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Top Ten Jackpots Today are ...
The World's Top Ten Biggest Jackpots Today are..... 1 - U.S. - Mega Millions - US$ 214 Million - 2 - U.S. - Powerball - US$ 154 Million - 3 - France - EuroMillions + My Million Raffle - € 37 Million - 4 - Europe - EuroMillions - € 37 Million - 5 - U.K. - EuroMillions + UK Millionaire Maker - £ 26 Million - 6 - Australia - Powerball Lotto - AUD 50 Million - 7 - California - SuperLotto Plus - US$ 38 Million - 8 - Spain - La Primitiva - € 31 Million - 9 - Australia - Oz Lotto - AUD 30 Million - 10- New York - Lotto - US$ 20.7 Million

Mega Millions History

All about the Mega Millions lottery and it's History.

Mega Millions History, Statistics and How to Play

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Mega Millions is a multi-jurisdictional $1 lottery game in the United States. Since June 2005, there have been 12 members of Mega Millions, while 32 others (30 states, the District of Columbia, and the US Virgin Islands) offer Powerball, Mega Millions' main competitor. Differences in playing Mega Millions in several jurisdictions (see below).

Since May 2002, Mega Millions advertised jackpots have started at US $12 million paid over 26 years, increasing when there is no jackpot winner.

Reflecting common practice among lotteries, the jackpot is advertised as a nominal value of annual installments. A lump sum cash value option pays the approximate net present value of the installments.

Mega Millions is drawn Tuesdays and Fridays, including any days (such as Christmas) in which a game member does not hold in-state drawings. Mega Millions Lottery Logo

Mega Millions History

The Big Game logo prior to
the Mega Millions name change

Old Mega Millions Lottery Logo

Tickets went on sale in Georgia, Illinois, Maryland, Massachusetts, Michigan and Virginia for the new lottery on August 31, 1996, then known as The Big Game. Six days later, the first drawing was held. Drawings were held weekly on Fridays until its first Tuesday drawing on February 10, 1998. Beginning in January 1999, jackpot winners had the choice to claim the prize in cash. In May 1999, New Jersey joined The Big Game, the only jurisdiction to do so before the change to Mega Millions history.

New York and Ohio joined The Big Game on May 15, 2002. This was when the game was changed to its second name, Big Game Mega Millions, temporarily retaining the old name, and its "gold ball" logo. Also, the "Big Money Ball" changed its name to the "Mega Ball". After the game's name was altered, the yellow ball in the logo of the Mega Millions read "The Big Game". The first Mega Millions drawing was held on May 17, 2002. Three more states later joined: Washington (September 2002), Texas (2003), and California (2005).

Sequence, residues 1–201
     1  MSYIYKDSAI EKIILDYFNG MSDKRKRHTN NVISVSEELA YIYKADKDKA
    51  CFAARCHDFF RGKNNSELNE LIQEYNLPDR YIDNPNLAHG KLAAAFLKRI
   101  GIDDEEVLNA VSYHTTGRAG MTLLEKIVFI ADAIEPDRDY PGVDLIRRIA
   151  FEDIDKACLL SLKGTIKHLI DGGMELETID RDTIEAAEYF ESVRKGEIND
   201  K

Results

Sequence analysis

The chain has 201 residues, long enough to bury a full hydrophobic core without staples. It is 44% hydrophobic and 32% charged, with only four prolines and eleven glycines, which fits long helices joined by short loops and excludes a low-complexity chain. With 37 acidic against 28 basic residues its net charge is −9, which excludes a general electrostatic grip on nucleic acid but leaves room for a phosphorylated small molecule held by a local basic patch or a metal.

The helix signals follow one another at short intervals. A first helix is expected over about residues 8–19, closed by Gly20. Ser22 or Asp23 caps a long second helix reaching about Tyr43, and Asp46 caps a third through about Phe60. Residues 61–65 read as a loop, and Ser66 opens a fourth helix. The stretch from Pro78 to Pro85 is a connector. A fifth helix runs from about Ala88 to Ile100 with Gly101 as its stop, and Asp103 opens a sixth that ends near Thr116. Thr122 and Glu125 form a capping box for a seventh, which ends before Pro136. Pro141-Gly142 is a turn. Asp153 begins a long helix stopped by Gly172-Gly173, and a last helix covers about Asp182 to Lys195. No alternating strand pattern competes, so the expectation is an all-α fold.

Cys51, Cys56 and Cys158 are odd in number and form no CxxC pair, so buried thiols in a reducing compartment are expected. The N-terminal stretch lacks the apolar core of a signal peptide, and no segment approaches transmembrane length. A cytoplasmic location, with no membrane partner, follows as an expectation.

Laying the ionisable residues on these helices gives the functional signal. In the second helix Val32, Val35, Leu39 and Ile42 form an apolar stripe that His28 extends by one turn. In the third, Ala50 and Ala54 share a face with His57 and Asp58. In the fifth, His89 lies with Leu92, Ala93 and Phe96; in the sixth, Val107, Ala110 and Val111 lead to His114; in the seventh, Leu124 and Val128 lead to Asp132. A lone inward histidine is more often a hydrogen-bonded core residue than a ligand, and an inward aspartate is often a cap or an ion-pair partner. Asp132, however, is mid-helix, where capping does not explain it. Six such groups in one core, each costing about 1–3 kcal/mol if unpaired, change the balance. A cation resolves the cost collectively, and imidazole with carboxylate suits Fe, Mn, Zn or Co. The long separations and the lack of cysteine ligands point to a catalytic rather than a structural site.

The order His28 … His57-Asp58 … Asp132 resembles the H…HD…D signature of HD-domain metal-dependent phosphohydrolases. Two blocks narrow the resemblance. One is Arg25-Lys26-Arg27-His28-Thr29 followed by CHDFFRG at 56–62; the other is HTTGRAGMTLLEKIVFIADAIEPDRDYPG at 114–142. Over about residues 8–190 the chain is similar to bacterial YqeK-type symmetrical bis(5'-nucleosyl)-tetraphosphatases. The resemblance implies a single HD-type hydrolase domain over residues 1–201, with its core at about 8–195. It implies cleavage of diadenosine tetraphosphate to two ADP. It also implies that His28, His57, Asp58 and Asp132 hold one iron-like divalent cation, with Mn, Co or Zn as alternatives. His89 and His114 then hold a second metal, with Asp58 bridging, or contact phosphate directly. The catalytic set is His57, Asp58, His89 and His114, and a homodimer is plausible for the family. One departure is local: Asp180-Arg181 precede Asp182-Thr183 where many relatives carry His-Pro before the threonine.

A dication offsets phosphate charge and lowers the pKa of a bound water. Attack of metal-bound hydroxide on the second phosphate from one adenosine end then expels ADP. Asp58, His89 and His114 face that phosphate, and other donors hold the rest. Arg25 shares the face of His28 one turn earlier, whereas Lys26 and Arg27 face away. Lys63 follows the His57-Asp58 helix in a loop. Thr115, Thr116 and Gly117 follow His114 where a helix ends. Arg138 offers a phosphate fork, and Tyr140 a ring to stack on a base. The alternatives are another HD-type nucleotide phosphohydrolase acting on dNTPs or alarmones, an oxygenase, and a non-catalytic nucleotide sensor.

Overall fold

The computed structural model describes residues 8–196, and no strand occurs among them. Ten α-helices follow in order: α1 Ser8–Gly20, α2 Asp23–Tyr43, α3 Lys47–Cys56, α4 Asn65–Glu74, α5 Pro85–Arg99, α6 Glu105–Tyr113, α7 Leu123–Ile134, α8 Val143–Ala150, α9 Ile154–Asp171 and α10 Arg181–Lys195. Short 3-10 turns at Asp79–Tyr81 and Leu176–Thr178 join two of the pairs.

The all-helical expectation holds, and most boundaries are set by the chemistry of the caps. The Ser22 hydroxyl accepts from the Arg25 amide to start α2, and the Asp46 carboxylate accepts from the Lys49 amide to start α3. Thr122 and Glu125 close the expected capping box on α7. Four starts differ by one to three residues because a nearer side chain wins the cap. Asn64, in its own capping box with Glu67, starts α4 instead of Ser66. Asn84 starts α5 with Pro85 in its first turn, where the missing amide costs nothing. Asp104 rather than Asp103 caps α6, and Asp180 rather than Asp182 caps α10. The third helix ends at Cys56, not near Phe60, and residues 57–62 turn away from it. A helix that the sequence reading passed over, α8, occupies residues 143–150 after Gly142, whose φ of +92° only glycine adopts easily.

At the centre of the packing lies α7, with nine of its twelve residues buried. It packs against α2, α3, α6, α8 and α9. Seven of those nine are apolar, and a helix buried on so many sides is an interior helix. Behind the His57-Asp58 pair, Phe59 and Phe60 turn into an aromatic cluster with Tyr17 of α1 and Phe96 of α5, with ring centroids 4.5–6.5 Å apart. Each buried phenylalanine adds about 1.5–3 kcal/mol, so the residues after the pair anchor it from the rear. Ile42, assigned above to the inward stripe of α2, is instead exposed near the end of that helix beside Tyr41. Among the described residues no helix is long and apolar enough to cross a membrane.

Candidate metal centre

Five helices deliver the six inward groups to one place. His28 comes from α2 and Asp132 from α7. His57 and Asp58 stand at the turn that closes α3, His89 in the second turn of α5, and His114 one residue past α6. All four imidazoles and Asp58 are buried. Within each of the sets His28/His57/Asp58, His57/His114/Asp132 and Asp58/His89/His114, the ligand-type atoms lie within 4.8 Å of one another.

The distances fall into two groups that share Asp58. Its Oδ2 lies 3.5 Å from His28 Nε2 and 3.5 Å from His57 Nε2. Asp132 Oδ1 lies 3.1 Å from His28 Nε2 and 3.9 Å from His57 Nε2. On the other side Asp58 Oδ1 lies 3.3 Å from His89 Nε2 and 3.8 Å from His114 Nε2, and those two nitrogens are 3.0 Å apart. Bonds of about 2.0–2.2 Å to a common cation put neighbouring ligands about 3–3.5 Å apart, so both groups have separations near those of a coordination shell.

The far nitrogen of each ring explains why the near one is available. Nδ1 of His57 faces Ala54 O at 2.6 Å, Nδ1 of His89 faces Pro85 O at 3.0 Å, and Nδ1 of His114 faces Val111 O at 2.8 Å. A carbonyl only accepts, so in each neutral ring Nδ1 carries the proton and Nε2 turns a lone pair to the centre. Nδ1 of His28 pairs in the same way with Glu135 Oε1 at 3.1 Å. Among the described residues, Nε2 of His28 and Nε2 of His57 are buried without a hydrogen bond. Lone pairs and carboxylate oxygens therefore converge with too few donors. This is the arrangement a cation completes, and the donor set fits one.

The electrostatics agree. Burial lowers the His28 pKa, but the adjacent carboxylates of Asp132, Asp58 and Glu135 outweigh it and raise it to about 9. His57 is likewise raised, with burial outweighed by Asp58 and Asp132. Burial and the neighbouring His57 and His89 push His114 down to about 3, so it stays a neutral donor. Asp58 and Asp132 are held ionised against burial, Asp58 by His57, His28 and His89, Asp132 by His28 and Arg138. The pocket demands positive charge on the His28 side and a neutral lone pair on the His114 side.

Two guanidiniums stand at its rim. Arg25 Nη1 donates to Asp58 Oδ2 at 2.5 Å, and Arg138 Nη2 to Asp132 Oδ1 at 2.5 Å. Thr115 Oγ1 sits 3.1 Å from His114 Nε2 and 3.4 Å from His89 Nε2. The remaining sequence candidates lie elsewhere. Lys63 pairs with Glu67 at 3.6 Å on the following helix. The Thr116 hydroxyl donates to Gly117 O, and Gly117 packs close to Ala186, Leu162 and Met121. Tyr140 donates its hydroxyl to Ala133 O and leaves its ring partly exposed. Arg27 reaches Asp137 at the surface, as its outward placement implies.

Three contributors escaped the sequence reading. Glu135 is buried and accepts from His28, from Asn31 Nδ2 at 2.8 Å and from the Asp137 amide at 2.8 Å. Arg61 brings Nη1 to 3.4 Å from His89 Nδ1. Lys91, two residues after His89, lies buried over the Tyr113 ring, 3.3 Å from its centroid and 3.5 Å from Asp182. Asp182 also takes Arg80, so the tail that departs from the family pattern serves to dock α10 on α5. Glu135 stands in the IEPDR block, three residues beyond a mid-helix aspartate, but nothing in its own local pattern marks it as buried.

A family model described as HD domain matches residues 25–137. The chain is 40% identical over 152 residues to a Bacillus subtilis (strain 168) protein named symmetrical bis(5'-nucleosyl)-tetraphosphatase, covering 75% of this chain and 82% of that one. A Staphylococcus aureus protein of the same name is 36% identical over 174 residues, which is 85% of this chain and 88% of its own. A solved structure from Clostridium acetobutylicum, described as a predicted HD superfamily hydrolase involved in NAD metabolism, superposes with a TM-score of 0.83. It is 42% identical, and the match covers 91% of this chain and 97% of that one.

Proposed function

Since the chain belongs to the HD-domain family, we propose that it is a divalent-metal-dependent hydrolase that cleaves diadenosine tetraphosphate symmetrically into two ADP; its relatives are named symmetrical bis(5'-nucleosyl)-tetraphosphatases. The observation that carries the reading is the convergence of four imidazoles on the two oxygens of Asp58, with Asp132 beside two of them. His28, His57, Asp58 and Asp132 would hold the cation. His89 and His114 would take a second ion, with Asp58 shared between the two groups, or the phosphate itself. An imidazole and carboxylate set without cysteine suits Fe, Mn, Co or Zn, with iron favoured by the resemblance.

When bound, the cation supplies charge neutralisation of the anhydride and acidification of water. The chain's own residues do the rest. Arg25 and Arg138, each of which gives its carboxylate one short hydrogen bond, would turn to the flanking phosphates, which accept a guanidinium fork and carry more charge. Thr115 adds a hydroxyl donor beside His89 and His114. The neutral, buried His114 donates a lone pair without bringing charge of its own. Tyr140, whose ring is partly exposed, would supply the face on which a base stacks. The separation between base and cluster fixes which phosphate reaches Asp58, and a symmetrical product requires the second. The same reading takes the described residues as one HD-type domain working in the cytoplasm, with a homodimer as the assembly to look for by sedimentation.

On March 6, 2007, two winners split a record jackpot worth $233 million before taxes. The advertised jackpot totaled $390 million, representing a nominal sum of 26 annual installments before taxes and unadjusted for inflation or interest.

Playing the game

Since June 2005 in Mega Millions history, a player picks--or allows the Mega Millions computer to pick--five different numbers from 1 to 56 (white balls) and one number from 1 to 46 (the Mega Ball number, a gold-colored ball). The Mega Ball number is drawn from a separate machine, so it can be a duplicate of one of the white ball numbers. Each play (a selection of six numbers for one draw) costs $1. In Georgia, New Jersey, New York, and Texas, players must also choose, in advance, whether they wish to collect a jackpot in lump sum or annuity. Georgia and New Jersey winners can change an annuity ticket to cash; however, the choice is binding in New York and Texas. Tickets may be obtained from either retail locations, or by mail in select states (currently, only Illinois, Maryland, Massachusetts, New Jersey, New York and Virginia offer subscriptions by mail).

Previous incarnations of The Big Game and Mega Millions have had different matrices:


Pick 5 out of

Pick 1 out of

  • September 9, 1996



  • January 13, 1999



  • May 15, 2002 (became Big Game Mega Millions)



  • June 22, 2005 (current)



Texas Megaplier

Mega Millions players within Texas also have the option to activate a multiplier, should they win a non-jackpot prize; for $2, a selection of five white numbers and a Mega Ball can win a double, triple, or quadruple prize (up to $1 million cash) with the Megaplier. This is in contrast to the game-wide option in Powerball's PowerPlay. Unlike the actual Mega Millions game, the Megaplier is drawn using a random number generator (RNG).

Rules and taxes

Tickets can be purchased until 15 minutes prior to the drawing (usually 11:00 PM Eastern time), accounting for local time zone differences.